Philosophy

star magnolia bloomsI work with individuals and groups to address issues such as:

• difficult relationships and intimacy struggles
• isolation
• physical, emotional, and sexual abuse
• depression and anxiety
• spiritual issues and questions about existence
• grief
• life transitions

Therapy is the establishment of a trusting relationship. It offers a place of honest and genuine care where you can speak of the matters that most deeply impact you and the events where you felt pain, anger, fear, or shame. In response to harm, we often choose ways of coping that hurt others and ourselves. The goal of therapy is to encourage change and growth for the sake of living with more freedom and loving others better.

Many difficulties in current relationships are rooted in patterns established in childhood. In counseling, we look at the ways you learned to relate as a child and how they interfere with experiencing freedom and intimacy today. As we work together, we look at integrity (facing truth that we have avoided), freedom (shedding the unnecessary constraints we put on ourselves), and responsibility (seeing ourselves as people who can choose and have an impact for good in our world).

You will reap the most benefit from therapy if you are willing to wrestle with pain and grief, embrace joy and play, do outside reading (see my list of resources), and take risks in relationships to learn to live more fully. Ultimately, counseling is successful to the extent that you recognize the only person you can change is yourself. My hope is that the work we do together enables you to live with more freedom, enjoy deeper relationships, embrace pain in a way that increases your capacity for true joy, and leave a beautiful mark on your world.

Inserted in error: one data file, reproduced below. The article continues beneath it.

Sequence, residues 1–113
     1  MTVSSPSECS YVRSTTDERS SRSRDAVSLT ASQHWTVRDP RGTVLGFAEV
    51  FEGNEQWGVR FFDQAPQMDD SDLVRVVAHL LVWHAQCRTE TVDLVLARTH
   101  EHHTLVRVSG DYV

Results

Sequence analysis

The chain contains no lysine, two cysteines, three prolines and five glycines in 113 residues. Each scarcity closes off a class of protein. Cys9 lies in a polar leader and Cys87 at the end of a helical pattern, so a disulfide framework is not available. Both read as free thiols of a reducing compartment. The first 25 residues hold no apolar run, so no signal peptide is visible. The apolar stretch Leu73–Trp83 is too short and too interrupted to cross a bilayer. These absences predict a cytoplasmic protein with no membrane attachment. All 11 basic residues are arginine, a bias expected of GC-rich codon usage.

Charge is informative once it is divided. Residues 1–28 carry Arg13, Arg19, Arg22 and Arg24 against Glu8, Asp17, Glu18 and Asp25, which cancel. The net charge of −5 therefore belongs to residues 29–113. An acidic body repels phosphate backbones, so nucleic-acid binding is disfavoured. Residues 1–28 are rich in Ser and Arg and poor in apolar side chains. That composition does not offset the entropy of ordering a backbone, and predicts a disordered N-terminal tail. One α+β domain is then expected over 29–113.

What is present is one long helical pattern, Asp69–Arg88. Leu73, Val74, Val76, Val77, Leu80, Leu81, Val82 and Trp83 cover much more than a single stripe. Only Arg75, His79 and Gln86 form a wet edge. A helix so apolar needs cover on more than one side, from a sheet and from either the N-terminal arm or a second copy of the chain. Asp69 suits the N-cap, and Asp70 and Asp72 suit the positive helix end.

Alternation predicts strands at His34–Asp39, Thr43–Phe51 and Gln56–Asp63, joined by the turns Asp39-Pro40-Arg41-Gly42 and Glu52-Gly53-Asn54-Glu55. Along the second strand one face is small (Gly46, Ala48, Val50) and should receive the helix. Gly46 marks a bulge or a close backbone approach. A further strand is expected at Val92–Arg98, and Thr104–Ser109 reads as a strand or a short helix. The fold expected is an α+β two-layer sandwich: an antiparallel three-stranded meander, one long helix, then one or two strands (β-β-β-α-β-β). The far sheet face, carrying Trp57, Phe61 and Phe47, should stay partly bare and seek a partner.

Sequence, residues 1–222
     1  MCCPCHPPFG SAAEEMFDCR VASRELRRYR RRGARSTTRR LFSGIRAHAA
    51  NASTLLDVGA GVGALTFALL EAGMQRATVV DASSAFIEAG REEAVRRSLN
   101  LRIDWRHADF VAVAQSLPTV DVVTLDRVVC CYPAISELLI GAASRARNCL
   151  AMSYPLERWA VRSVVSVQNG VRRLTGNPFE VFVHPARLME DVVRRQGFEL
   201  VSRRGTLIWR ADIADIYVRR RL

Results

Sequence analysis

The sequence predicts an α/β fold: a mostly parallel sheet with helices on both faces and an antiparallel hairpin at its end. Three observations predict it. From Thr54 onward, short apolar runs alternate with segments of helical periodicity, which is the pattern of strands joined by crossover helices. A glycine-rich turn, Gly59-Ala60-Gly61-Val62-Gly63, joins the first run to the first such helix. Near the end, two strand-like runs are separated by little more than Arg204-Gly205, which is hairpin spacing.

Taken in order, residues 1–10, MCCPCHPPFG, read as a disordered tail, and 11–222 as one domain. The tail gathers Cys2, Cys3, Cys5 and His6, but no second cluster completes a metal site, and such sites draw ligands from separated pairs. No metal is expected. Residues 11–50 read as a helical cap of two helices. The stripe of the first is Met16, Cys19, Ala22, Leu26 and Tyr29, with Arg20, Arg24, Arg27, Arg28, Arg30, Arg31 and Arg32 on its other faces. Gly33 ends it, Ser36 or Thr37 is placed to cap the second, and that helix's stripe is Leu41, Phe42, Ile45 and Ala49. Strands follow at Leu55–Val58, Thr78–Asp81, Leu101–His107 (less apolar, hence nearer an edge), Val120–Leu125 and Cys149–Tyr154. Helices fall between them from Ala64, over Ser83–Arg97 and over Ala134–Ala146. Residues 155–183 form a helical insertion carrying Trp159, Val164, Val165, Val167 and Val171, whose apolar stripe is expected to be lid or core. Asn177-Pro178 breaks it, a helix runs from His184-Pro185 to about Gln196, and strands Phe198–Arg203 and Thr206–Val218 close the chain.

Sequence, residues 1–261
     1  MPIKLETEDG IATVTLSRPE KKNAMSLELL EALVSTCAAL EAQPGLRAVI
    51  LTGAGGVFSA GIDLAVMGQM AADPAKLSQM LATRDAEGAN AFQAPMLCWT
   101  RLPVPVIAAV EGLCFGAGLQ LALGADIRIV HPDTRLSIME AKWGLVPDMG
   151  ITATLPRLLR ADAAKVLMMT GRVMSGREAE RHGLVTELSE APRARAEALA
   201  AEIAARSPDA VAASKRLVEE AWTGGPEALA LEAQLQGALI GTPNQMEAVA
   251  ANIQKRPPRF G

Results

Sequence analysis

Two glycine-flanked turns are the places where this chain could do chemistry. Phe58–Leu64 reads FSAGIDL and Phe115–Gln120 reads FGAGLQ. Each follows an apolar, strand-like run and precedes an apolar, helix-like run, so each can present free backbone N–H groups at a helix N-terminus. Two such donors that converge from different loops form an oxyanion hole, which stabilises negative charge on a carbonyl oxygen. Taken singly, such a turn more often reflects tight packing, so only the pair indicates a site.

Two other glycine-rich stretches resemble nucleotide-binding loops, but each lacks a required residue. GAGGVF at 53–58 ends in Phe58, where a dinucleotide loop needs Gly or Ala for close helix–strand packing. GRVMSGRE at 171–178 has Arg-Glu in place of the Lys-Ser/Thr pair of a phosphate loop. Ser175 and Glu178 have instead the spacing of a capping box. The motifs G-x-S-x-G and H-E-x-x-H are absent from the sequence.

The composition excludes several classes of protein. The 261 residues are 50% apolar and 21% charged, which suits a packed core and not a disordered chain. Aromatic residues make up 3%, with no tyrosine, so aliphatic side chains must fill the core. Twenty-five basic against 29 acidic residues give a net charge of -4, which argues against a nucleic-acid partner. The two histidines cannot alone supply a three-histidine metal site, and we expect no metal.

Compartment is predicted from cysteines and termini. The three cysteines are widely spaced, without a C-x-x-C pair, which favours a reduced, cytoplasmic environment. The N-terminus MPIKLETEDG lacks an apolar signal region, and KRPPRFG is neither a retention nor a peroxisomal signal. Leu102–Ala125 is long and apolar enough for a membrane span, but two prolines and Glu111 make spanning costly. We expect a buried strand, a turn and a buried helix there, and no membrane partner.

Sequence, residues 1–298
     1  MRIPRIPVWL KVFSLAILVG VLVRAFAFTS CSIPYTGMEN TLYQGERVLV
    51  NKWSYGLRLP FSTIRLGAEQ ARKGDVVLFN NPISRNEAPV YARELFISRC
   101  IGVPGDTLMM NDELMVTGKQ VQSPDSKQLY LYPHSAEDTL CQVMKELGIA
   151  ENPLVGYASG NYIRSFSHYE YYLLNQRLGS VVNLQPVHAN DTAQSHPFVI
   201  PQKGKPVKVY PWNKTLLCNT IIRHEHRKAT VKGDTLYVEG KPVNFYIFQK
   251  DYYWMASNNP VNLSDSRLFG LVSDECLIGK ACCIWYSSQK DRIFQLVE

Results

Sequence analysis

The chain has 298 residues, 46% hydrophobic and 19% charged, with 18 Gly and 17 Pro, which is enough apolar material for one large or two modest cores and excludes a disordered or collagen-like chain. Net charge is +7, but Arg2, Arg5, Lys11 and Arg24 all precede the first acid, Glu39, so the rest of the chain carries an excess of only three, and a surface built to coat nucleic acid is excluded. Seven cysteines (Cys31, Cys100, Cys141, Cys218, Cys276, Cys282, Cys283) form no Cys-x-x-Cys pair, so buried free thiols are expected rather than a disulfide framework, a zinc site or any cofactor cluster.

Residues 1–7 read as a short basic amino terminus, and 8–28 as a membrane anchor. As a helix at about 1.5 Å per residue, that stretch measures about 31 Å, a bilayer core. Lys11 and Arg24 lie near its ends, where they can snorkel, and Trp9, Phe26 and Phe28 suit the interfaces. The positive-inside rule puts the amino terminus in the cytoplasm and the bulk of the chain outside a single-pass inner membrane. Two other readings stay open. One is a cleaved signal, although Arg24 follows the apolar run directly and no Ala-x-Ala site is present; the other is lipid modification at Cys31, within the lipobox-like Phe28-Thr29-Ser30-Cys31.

My Experience

I am a Licensed Mental Health Counselor (LMHC) in the state of Washington and earned my master’s degree in counseling from The Seattle School of Theology and Psychology in 2004. For my internship, I worked with Dr. Dan Allender at his Recovery Weeks, where we focused on the issue of sexual abuse. I wrote the workbook that accompanies Dan’s book, To Be Told, about the importance of telling the stories that have shaped you. At the annual Story Workshop, I teach participants how to write their stories with more honesty and compassion and I lead one of the the groups where participants give feedback to each other. I also have lead groups for the Lay Counseling Certificate program at the Allender Center.

Therapy Dog

Most of the time a therapy dog works with me in my practice. Téo (TAY-oh), a chocolate Lab, offers unconditional love and acceptance to clients … and then chews on a bone or snoozes upside-down. (Giving of yourself so fully can be exhausting.) I hope eventually to get certified as a therapy dog team. He was born in May 2015, so any certification is a ways off, after a lot more classes and practicing at home. Téo’s hobbies include tearing up cardboard, carrying my shoes around, eating carrots, and jaw sparring with his dog friends. His current bad habit is checking out all the trash cans in the office for something tasty. We are working to break that one.